Senate OKs Expansion of 1996 Mental Health Parity Law
The Senate yesterday approved an expanded version (S 543) of a 1996 mental health parity law that would require insurers that provide mental health coverage to offer benefits "on par with what they provide for physical illness," the Los Angeles Times reports. The measure, approved by voice vote, is "designed to close a loophole" in the 1996 law, which expired on Sept. 30. The law prohibited private insurers from establishing annual and lifetime limits on mental health benefits, "unless those same limits applied to other medical illnesses." However, insurers found "other ways" to limit mental health coverage, such as by restricting the number of outpatient visits covered per year. The new measure, which would not take effect until 2003, would require health plans that offer mental health coverage to provide "full parity" with physical health coverage, with respect to both costs (such as deductibles) and access to services. Businesses with 50 or fewer employers would be exempt from these requirements. The measure was approved as an amendment to the $407 billion 2002 Labor-HHS appropriations bill (HR 3061) (Hook, Los Angeles Times, 10/31). The House-passed version of the appropriations bill contains only an extension of the 1996 law and not the broader parity measure (Frommer, AP/Nando Times, 10/30). Proponents of the latter are hopeful that the Senate-passed measure can be "retained" when a House-Senate conference committee meets.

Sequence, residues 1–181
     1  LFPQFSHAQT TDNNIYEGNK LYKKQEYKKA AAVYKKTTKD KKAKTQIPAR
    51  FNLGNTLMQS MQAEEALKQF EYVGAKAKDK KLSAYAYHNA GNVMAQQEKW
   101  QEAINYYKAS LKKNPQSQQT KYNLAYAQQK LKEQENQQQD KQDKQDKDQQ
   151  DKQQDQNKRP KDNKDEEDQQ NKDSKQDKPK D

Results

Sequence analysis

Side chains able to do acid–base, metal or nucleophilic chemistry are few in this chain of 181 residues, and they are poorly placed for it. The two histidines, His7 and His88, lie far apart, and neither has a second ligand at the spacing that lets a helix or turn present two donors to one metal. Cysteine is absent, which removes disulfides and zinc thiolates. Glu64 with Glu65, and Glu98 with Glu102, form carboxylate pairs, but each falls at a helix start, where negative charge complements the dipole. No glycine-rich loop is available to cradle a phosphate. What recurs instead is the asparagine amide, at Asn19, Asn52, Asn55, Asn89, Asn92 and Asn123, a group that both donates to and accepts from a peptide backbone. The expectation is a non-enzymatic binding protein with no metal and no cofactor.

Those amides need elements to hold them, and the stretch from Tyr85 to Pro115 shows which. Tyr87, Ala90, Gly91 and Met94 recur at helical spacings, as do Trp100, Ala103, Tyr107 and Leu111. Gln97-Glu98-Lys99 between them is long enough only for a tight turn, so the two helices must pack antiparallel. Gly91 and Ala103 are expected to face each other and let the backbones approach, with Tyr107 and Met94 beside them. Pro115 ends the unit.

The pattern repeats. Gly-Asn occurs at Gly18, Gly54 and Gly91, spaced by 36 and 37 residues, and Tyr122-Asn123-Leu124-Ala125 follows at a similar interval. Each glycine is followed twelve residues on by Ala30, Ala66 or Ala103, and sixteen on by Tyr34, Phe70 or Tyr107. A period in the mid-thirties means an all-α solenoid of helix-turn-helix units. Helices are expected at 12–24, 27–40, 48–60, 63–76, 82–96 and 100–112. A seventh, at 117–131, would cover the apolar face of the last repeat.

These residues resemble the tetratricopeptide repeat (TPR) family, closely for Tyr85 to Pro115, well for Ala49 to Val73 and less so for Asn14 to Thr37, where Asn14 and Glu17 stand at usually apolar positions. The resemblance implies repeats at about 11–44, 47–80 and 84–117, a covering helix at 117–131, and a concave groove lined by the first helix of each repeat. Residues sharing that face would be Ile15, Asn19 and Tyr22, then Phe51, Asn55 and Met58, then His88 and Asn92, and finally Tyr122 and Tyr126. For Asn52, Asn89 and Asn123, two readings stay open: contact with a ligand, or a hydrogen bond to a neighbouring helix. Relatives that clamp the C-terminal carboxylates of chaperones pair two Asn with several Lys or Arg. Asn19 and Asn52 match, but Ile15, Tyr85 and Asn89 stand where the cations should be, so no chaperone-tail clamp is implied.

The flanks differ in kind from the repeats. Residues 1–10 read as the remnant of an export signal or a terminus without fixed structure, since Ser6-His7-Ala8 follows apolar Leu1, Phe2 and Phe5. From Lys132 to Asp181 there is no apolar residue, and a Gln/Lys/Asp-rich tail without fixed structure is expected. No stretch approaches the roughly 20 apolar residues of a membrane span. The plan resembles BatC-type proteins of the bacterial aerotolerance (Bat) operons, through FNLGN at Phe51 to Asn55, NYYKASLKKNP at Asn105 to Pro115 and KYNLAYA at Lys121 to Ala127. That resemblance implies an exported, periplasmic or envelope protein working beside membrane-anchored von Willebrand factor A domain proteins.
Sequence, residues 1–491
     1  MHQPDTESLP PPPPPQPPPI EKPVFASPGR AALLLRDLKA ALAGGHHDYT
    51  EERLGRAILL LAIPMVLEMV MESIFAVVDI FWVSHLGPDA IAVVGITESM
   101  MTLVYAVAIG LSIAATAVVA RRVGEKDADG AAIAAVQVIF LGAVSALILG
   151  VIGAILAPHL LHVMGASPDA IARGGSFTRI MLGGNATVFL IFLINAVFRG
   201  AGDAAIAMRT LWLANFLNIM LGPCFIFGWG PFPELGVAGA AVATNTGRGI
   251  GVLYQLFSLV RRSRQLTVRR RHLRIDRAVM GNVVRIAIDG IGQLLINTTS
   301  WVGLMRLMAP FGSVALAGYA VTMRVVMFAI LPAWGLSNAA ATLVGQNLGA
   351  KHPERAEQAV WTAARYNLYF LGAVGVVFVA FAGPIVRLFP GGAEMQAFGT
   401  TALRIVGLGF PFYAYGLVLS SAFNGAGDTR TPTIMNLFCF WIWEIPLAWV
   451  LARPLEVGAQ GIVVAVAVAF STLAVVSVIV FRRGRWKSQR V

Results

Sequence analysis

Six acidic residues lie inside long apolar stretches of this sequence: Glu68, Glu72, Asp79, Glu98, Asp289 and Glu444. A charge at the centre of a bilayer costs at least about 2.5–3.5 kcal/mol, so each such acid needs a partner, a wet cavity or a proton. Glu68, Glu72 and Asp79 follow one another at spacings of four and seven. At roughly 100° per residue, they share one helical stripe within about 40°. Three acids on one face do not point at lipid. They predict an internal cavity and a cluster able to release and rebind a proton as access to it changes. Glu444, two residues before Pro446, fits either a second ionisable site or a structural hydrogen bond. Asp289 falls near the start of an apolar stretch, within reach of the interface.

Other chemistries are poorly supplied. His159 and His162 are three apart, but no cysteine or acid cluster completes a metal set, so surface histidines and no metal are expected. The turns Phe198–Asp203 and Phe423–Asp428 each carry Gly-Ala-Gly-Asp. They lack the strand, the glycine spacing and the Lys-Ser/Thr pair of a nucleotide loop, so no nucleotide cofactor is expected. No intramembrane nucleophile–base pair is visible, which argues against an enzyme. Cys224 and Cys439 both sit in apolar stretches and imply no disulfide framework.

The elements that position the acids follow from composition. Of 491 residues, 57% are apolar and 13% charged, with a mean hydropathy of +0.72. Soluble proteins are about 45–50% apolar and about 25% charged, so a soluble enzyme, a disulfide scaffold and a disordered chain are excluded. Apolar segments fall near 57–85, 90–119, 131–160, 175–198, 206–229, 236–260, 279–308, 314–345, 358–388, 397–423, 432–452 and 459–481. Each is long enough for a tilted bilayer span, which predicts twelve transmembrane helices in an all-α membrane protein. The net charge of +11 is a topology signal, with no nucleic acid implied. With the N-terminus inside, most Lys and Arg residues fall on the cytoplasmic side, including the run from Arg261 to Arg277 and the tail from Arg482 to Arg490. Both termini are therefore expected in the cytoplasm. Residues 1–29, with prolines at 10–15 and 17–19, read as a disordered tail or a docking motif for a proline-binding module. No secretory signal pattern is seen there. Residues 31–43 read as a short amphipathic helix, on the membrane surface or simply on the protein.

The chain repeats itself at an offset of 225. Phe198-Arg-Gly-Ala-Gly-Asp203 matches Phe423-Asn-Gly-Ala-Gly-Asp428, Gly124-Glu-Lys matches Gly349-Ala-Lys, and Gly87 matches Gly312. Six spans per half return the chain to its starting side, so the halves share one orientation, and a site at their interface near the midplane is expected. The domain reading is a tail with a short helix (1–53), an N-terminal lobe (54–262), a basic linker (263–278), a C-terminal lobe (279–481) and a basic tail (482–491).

The parity measure was sponsored by Sens. Paul Wellstone (D-Minn.) and Pete Domenici (R-N.M.), who also backed the 1996 law. "Mental illnesses are diseases of the brain, like any other body part. They should be given fairer treatment in terms of health care coverage," Domenici said (Los Angeles Times, 10/31). The AP/Nando Times reports that Sen. Phil Gramm (R-Texas) was the only senator to speak out against the measure, citing an estimate from the Congressional Budget Office that it would cost private insurers $23 billion over five years -- or about a 1% increase in premiums for employers (AP/Nando Times, 10/30). "Who are we to be telling American workers and American business what kind of health insurance benefits they should have?" he asked (Los Angeles Times, 10/31). The CBO also estimated that the bill would cost the federal government $5.4 billion over 10 years, as employers would likely reduce wages to pay for the increased coverage, which in turn would lower payroll and income tax revenue. Sen. Edward Kennedy (D-Mass.), however, said that increased worker productivity would "offset" the costs of the measure. "This country can afford mental health parity," he said (AP/Nando Times, 10/31).This is part of the California Healthline Daily Edition, a summary of health policy coverage from major news organizations. Sign up for an email subscription.